FILOLI: Mansion and Gardens

Recognized as one of the finest remaining country estates of the early 20th century, Filoli is a remarkable 654–acre property, including the 36,000 square foot Georgian country house and spectacular 16–acre English Renaissance garden.Filoli is a historic site of the National Trust for Historic Preservation and is dedicated to the preservation, interpretation and stewardship of the cultural traditions and natural history of this country estate for public education and enjoyment. Filoli was built between 1915 and 1917 for William Bowers Bourn II, owner of one of California’s richest gold mines. The name of the estate is an acronym formed by combining the first two letters from the key words of William Bourn’s credo: “FIght for a just cause; LOve your fellow man; LIve a good life.” The Mansion is known for being used in the opening scene of DYNASTY and the movies, Heaven Can Wait, George of the Jungle and The Game. Special thanks to KOPTERVISION
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Music: A Midsummer Night’s Dream by Felix Mendelssohn

Filoli is a country house set in 16 acres of formal gardens surrounded by a 654-acre estate, located in Woodside, California, about 25 miles south of San Francisco, at the southern end of Crystal Springs Lake, on the eastern slope of the Santa Cruz Mountains. Now owned by the National Trust for Historic Preservation, Filoli is open to the public. The site is both a California Historical Landmark and listed on the National Register of Historic Places.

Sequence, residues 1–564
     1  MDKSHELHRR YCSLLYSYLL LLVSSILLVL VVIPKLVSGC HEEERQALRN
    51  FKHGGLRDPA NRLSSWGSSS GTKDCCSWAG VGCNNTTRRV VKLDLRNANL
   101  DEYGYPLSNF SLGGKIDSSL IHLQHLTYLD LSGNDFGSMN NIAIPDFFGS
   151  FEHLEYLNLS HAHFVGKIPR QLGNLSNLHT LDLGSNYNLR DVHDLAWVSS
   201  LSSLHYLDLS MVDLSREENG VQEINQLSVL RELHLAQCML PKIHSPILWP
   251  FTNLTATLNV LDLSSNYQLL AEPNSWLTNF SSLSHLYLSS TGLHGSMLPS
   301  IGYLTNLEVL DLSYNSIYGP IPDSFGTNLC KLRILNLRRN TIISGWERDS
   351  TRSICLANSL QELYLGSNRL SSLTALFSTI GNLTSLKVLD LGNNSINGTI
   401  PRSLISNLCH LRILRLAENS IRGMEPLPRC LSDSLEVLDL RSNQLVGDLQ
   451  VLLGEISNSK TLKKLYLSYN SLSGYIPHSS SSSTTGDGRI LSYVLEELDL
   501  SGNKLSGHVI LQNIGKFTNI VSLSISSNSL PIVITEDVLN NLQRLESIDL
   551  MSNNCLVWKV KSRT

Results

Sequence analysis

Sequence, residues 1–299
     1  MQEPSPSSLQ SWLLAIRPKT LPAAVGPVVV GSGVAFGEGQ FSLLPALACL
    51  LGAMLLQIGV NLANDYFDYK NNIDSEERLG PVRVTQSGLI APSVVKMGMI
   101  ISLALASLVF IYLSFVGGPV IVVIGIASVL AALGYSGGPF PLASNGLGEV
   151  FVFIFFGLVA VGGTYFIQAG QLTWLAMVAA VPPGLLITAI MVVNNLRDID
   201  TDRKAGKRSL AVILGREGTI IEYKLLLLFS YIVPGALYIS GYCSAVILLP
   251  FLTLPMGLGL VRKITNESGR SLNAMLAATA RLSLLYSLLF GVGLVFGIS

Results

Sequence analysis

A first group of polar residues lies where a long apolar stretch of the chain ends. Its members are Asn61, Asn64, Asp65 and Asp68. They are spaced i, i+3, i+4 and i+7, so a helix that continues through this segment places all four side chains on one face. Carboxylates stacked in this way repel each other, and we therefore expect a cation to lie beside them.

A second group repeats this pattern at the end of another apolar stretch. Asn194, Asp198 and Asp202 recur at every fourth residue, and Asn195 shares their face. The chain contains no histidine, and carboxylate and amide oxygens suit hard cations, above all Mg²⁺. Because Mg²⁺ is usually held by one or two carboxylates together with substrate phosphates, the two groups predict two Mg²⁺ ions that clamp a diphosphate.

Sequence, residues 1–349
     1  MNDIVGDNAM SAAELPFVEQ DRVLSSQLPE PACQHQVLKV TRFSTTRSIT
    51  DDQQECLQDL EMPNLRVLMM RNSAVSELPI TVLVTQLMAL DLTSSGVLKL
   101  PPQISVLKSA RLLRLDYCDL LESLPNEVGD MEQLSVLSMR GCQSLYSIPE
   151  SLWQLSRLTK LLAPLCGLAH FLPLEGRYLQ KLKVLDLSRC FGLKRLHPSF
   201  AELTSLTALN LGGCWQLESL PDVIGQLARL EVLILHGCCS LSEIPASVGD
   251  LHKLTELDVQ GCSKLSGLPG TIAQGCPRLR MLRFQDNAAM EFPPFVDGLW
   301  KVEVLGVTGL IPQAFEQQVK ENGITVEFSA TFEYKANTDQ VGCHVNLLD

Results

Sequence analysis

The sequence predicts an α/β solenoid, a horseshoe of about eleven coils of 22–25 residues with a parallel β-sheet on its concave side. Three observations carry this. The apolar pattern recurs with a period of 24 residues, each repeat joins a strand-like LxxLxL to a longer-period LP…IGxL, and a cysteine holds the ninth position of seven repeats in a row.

The 16 acres (6.5 ha) of gardens are structured as a series of formally enclosed spaces framed within brick walls and clipped hedges, which open one from another, providing long axial views, in which profuse naturalized plantings of hardy and annual plants contrast with lawns, brick and gravel paths, formal reflecting pools, framed in walls and clipped hedging in box, holly, laurel and yew (illustration, right) and punctuated by massive terracotta pots and many narrowly columnar Irish yews, originally grown on the estate from cuttings. Filoli is an outstanding example of the Anglo-American gardening style reintroducing Italian formality, that was pioneered at the end of the nineteenth century by Edwin Lutyens and Gertrude Jekyll in British gardens and exemplified in the U.S. by designs of Charles A. Platt and Beatrix Farrand.[10]

The gardens extend southeast of the house running up an easy slope. The sunken garden is the first of four main rooms; the rectangular pool at its center that houses hardy and tropical water lilies is flanked by twin panels of lawn and two olive trees, within the hedge of clipped Japanese yew. The walled garden consists of a series of enclosures, including the rose window design outlined in clipped box

After it was acquired by the National Trust for Historic Preservation in 1975, Filoli has been open for public tours. Attractions include self-guided tours, guided tours, and nature hikes. The formal gardens include several areas, including the Wedding Place, especially designed for Berenice Roth’s wedding. Lurline and Berenice both had their wedding receptions at Filoli, but Berenice’s wedding is the only one that has ever taken place at Filoli. The largest gardens are working gardens for the production of cut flowers for the mansion and for the growing of some vegetables.